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In the Wake of the Comey Firing, Don’t Forget the Violence of the FBI Itself

While hoping for a political transformation in this moment, we should also be aware of the sordid history of the intelligence organizations and leaders.

Yesterday, Donald Trump fired FBI Director James Comey, no doubt because the Bureau may be getting too close to Trump’s badly kept secrets about his campaign’s collaboration with Russia to sabotage the 2016 election. For leftists and progressives, it felt a bit like being between a rock and a hard place — a choice between the FBI (and various other security agencies) and the Trump neo-fascist, overtly racist death machine. Former FBI and CIA agents and former George W. Bush operatives have become spokespeople for the anti-Trump media. Meanwhile, the Watergate scandal has become the template for the drama that is gaining momentum, as the buffoon-like “you’re fired!” antics of Trump and his cracker-in-chief, Jefferson Beauregard Sessions, fuel the fire. For those of us who care about the future of this country and the world, it can be hard not to root with a full throat for a complete dismantling of the Trump administration, however it may occur.

But while hoping for a political transformation of unparalleled proportions, we should also be aware of the history of the intelligence organizations and leaders who are now the savants telling us how to think about our latest political scandal. It should be remembered that the Watergate scandal led to the investigation of the FBI, CIA and NSA by Sen. Frank Church’s Senate Committee, and the exposure of unparalleled official illegality. The FBI was front and center with its COINTELPRO program that had operated since the FBI’s inception in the 1920s, and had employed a wide range of aggressively unconstitutional tactics, first against Marcus Garvey, the Socialist Workers and Communist Parties, and later against the labor, antiwar and civil rights movements.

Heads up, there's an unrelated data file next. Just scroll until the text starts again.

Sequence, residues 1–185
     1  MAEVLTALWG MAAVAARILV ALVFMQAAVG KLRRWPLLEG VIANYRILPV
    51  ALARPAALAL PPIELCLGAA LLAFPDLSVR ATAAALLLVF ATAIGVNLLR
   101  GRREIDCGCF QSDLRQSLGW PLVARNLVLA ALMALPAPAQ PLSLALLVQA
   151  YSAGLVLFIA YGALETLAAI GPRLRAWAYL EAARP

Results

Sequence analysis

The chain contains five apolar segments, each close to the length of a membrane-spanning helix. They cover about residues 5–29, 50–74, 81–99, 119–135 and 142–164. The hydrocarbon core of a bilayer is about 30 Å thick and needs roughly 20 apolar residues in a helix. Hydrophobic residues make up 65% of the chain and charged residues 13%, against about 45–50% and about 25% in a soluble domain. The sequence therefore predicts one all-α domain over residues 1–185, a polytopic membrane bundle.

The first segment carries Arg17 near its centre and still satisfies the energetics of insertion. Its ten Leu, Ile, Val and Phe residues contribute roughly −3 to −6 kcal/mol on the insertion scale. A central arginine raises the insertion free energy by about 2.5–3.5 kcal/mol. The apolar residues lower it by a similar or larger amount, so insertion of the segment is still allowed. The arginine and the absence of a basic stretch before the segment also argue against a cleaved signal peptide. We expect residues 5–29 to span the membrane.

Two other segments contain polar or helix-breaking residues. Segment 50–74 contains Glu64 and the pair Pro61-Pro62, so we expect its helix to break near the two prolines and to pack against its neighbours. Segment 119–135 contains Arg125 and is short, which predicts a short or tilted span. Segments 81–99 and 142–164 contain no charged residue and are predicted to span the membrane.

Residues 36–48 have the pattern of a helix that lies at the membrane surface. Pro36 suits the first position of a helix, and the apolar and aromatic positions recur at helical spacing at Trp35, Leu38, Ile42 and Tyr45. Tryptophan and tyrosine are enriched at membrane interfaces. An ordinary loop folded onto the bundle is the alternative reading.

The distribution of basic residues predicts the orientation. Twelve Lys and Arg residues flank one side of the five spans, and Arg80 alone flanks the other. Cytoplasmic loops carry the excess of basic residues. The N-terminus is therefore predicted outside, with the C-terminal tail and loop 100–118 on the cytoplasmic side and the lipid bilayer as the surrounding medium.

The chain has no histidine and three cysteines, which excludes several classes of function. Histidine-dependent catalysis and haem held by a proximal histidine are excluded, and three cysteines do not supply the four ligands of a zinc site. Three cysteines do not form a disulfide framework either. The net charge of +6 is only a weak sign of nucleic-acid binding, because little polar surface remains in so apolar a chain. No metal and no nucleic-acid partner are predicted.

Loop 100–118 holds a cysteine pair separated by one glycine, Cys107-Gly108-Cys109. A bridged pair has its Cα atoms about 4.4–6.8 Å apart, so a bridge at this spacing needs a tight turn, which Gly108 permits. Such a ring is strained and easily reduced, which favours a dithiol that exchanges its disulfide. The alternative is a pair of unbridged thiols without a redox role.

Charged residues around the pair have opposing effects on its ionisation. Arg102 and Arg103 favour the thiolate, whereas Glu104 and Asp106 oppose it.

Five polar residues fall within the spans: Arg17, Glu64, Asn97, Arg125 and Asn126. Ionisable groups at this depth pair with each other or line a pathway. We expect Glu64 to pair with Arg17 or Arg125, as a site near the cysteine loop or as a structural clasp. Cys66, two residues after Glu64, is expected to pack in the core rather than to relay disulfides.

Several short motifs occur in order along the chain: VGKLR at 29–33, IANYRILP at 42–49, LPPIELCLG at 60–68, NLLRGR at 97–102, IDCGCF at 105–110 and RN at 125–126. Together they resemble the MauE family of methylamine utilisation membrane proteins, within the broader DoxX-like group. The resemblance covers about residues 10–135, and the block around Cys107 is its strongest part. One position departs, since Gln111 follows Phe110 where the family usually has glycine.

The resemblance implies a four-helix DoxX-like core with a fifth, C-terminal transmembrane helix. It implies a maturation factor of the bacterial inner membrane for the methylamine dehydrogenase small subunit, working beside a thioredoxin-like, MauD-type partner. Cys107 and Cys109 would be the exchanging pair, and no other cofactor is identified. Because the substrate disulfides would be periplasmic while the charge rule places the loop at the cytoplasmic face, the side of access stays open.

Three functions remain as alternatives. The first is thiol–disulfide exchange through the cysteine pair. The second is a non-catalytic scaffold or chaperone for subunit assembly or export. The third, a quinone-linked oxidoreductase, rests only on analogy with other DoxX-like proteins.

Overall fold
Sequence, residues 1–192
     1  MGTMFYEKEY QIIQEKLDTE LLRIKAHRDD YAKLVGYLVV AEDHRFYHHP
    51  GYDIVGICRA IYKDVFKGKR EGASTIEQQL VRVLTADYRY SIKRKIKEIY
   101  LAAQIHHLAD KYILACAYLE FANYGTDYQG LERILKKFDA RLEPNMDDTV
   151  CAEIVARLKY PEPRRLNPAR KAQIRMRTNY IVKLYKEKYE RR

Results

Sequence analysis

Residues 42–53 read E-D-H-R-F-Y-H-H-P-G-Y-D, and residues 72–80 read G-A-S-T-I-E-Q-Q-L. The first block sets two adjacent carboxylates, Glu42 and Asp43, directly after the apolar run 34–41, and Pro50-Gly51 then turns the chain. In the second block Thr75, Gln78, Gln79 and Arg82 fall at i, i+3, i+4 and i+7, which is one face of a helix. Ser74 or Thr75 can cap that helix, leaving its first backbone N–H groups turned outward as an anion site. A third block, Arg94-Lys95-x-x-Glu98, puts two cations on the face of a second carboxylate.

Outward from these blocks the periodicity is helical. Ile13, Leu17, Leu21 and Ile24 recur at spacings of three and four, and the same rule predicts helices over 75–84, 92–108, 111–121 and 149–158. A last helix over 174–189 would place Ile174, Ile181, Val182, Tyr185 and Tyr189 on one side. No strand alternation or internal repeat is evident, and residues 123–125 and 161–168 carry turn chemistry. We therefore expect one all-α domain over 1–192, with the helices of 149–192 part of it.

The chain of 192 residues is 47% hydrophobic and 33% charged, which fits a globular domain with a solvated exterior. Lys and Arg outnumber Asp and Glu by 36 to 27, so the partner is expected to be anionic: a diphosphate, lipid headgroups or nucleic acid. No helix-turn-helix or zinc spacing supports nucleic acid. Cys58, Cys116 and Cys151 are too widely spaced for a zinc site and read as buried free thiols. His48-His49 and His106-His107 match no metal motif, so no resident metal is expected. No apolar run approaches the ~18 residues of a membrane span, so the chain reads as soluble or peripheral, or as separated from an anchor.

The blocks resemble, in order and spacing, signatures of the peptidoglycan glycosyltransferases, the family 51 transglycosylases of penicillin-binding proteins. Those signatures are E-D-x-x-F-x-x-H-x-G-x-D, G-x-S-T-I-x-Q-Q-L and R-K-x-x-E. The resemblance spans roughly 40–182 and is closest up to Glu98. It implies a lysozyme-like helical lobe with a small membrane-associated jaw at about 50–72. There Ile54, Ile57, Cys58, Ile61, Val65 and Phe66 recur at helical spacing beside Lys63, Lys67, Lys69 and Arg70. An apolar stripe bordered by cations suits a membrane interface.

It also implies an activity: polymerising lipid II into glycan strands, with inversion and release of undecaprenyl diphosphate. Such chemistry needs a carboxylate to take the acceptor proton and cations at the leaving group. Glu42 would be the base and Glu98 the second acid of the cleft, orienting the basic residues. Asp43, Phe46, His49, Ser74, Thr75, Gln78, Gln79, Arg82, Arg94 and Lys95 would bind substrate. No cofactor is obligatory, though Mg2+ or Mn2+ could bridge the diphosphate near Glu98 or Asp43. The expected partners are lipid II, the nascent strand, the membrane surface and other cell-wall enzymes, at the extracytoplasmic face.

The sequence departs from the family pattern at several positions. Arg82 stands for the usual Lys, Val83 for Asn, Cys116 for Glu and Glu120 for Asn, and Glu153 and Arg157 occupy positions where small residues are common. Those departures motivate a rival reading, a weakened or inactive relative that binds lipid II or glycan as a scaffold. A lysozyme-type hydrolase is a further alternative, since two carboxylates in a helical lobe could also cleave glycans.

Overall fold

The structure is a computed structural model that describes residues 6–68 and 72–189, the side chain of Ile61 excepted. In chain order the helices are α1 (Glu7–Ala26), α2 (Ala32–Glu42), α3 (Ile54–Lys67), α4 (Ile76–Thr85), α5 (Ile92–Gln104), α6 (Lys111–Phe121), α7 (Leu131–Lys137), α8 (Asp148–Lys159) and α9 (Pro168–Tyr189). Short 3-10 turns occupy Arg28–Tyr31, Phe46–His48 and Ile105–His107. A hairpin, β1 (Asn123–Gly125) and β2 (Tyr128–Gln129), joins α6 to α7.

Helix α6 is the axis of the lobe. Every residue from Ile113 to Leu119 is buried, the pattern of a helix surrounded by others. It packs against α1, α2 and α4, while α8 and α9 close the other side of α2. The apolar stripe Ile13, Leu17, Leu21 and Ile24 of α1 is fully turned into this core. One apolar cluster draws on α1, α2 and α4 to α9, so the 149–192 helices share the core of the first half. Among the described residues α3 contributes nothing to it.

The FBI’s COINTELPRO tactics started out with an emphasis on public disinformation and outright lies that were designed to destroy people’s lives and their organizations’ credibility. These tactics progressed in the 1960s — with an intense focus on organizations of color — to fomenting violence, framing leaders with bogus criminal charges, “black bag” burglaries, and, in the case of Chicago Black Panther leaders Fred Hampton and Mark Clark, political assassination. In April of 1976 the Church Committee concluded that the FBI’s COINTELPRO program not only targeted the Black Panther Party but also intended to destroy it. The Church Committee also condemned the FBI’s activities against Dr. King and published FBI documents showing that Stokely Carmichael and H. Rap Brown were also among the leaders targeted, as were the Student Non-Violent Coordinating Committee (SNCC), the Southern Christian Leadership Conference (SCLC) and the Nation of Islam. The evidence documented by the Committee also demonstrated that a quarter of the Ku Klux Klan’s members were FBI informants, that these informants were often in leadership positions within the Klan, and that they were frequently responsible for Klan violence and even murders, most notably the murder of civil rights worker Viola Liuzzo.

The evidence before the Church Committee also established that the CIA, the NSA and military intelligence were all deeply involved, contrary to law, in intelligence and counterintelligence activities within the United States. Moreover, it showed that the FBI’s COINTELPRO program mirrored that of the CIA’s counterintelligence activities abroad. The CIA had “neutralized” Congolese revolutionary leader Patrice Lumumba by assassinating him, disrupted elections long before the Russians returned the favor this past year, overthrown democratically elected governments across the globe and regularly engaged in disinformation tactics.

Unfortunately, the Watergate and Church Committee hearings did not put an end to FBI and CIA illegalities at home or abroad, and many of the counterintelligence tactics exposed in the 1970s have been adopted with little dissent in the so-called “war on terror.” It is important to remember that back in 1964, the FBI, in a Bureau-wide directive, had predicted that its COINTELPRO-like tactics would continue in some form or another because COINTELPRO “only encompasses everything that has been done in the past or will be done in the future.”

So, before we jump to the unquestioning defense of Comey and the FBI, or swallow whole the offerings of former intelligence agents and Bush-era apologists, it is important to keep in mind this sordid history of institutionalized illegality. This history now contains not only Comey’s actions in the run-up to the election, but also the repression that his FBI has visited upon this generation’s movements for social change. Only with this historical memory and a fixed eye on the ultimate prize — transformative social change — can we return to rooting, with controlled fury, for the demise of Donald Trump’s neo-fascist regime.

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